Patents: Recent Case Reveals Problem Claiming Paris Convention Priority

May 19, 2002 Advisory

The Court of Appeals for the Federal Circuit recently heard the case of Group One, Ltd., v. Hallmark Cards, Inc., which highlighted a problem potentially encountered by patent applicants whose U.S. patent applications claim Paris Convention priority to foreign applications.

Certain events can occur before the priority date, which do not destroy novelty under the laws of the country in which the priority application is filed (the "priority" country), but do destroy novelty under U.S. law. For example, before filing a priority application, a foreign applicant might make a confidential "offer for a sale" to a customer in the U.S. Under the laws of the priority country, the confidential nature of this offer may preserve patentability. However, under U.S. law, the offer may trigger the "on-sale bar" under Section 102(b) of the U. S. patent law. Nevertheless, within a year after the priority date, but more than one year after the offer for sale, the applicant files either a U.S. patent application or an international application designating the U.S. Ultimately, a patent is granted, and the patentee then initiates litigation to enforce the patent. In litigation, the offer for sale is uncovered and is held to invalidate the patent under 35 USC §102(b) and 35 USC §119(a). Section 119(a) defines the scope of foreign priority but also limits that priority. Specifically, the section states that "no patent shall be granted…for an invention which had been patented or described in a printed publication in any country more than one year before the date of the actual filing of the application in this country, or which had been in public use or on sale in this country more than one year prior to such filing."

This result is consistent with the language of the Paris Convention. Section B of Article 4 of the Convention states that an application claiming priority under Section A "shall not be invalidated by reason of any acts accomplished in the interval" between the filing of the priority application and the subject application. Inasmuch as the events identified in §102(b) and §119(a) would have occurred before the filing of the priority application, the result is permitted under the Convention.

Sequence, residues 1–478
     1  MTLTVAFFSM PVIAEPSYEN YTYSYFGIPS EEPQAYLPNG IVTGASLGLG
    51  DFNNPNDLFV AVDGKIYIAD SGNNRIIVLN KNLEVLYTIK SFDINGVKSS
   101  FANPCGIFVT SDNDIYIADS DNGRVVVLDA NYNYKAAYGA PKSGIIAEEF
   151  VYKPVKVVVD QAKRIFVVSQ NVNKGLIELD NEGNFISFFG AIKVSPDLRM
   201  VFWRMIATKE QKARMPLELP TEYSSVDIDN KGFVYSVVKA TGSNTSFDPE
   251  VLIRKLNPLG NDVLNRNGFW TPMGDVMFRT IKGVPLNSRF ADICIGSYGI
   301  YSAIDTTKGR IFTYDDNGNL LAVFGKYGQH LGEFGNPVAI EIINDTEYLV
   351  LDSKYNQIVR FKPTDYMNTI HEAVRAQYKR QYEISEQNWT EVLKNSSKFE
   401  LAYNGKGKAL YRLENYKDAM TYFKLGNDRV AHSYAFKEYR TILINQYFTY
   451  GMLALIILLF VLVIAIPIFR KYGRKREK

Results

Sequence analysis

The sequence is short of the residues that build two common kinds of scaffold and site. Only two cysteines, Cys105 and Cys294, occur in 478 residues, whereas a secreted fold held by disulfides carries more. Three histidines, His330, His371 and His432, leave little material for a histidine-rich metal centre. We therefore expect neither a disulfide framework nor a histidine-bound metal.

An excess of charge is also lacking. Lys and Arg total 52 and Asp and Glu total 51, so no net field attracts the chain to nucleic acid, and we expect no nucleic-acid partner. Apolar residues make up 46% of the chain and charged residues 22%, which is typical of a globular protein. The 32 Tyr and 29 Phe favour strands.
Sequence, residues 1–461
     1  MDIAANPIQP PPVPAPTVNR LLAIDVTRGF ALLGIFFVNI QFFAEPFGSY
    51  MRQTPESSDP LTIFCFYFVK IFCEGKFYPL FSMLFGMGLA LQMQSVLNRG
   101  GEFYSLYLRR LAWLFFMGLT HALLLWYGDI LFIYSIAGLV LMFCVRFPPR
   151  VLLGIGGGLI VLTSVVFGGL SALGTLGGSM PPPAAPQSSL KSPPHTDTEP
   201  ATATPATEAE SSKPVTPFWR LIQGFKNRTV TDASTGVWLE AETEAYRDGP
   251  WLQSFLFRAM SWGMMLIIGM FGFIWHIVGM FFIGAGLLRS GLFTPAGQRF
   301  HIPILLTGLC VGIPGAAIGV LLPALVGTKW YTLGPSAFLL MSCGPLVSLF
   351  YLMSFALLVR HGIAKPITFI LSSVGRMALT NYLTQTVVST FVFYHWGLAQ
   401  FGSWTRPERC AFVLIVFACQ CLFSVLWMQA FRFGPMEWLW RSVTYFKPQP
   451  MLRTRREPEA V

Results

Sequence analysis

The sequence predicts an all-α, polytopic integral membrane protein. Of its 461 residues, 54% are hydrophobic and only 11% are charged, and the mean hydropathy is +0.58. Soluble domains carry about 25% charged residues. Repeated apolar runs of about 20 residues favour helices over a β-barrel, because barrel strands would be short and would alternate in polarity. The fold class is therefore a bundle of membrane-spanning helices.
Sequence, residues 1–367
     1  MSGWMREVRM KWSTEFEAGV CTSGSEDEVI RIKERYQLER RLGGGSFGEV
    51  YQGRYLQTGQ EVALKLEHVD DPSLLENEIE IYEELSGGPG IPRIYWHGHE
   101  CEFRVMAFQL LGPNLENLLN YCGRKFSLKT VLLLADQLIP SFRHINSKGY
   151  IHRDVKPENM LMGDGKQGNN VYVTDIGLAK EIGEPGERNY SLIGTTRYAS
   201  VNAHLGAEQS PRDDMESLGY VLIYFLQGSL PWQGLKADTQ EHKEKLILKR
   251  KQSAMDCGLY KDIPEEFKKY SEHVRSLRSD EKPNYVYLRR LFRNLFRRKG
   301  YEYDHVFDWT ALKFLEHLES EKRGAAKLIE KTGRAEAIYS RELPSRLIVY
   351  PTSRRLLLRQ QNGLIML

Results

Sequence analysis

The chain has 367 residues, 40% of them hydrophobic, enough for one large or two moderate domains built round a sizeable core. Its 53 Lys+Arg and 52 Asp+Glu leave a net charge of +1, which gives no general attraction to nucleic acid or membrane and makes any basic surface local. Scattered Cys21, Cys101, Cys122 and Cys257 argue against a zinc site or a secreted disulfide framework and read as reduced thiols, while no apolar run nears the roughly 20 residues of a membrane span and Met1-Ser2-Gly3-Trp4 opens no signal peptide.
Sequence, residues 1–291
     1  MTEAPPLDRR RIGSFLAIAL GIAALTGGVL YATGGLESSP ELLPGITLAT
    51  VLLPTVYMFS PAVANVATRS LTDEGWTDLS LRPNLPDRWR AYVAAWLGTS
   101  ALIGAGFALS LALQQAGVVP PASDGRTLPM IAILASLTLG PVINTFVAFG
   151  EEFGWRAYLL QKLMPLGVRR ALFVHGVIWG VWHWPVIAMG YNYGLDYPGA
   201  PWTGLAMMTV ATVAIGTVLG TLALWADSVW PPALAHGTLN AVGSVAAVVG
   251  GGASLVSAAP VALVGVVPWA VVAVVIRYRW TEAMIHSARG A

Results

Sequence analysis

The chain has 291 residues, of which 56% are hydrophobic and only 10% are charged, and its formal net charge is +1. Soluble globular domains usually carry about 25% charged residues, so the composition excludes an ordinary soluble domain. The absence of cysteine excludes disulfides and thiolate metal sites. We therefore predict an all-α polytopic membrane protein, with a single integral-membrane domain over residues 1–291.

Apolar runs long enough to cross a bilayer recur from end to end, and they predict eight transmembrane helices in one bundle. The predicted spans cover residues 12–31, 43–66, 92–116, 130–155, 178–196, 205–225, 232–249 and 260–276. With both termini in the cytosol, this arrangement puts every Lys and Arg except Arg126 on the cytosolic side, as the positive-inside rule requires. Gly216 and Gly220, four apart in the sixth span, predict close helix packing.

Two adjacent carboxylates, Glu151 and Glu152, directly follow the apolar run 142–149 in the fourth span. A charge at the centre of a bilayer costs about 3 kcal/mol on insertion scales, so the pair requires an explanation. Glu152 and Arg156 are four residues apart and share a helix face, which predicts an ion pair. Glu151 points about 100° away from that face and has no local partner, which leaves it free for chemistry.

In the Group One case, the patentee was able to avoid the effects of §119(a) by arguing that the activities involved did not rise to the level of a "commercial offer for sale" and may merely have been an offer to license future patent rights. Nevertheless, this case highlights the fact that a Paris Convention priority claim is not effective to defeat §102(b) events which occurred before the priority date.

Accordingly, consider whether a potential event such as an offer for sale in the U.S. has occurred prior to the priority date. If so, do not wait until the full Paris Convention priority year has lapsed before undertaking further filing activity. The filing of an international application designating the U.S. or a U.S. national application can be expedited so that such international or U.S. national filing is within one year of the event in question. Or, alternatively, file a U.S. provisional patent application within one year of the event in question. The provisional application need not be in English and, indeed, may simply be a photocopy of the priority application. A subsequent international application or U.S. national application may claim Paris Convention priority to the priority application and priority under 35 USC §119(e) to the provisional application. Because priority under §119(e) does not suffer from the same limitation as does priority under §119(a), a provisional filing date is effective to overcome the potential §102(b) event.

For further information contact:
William B. Slate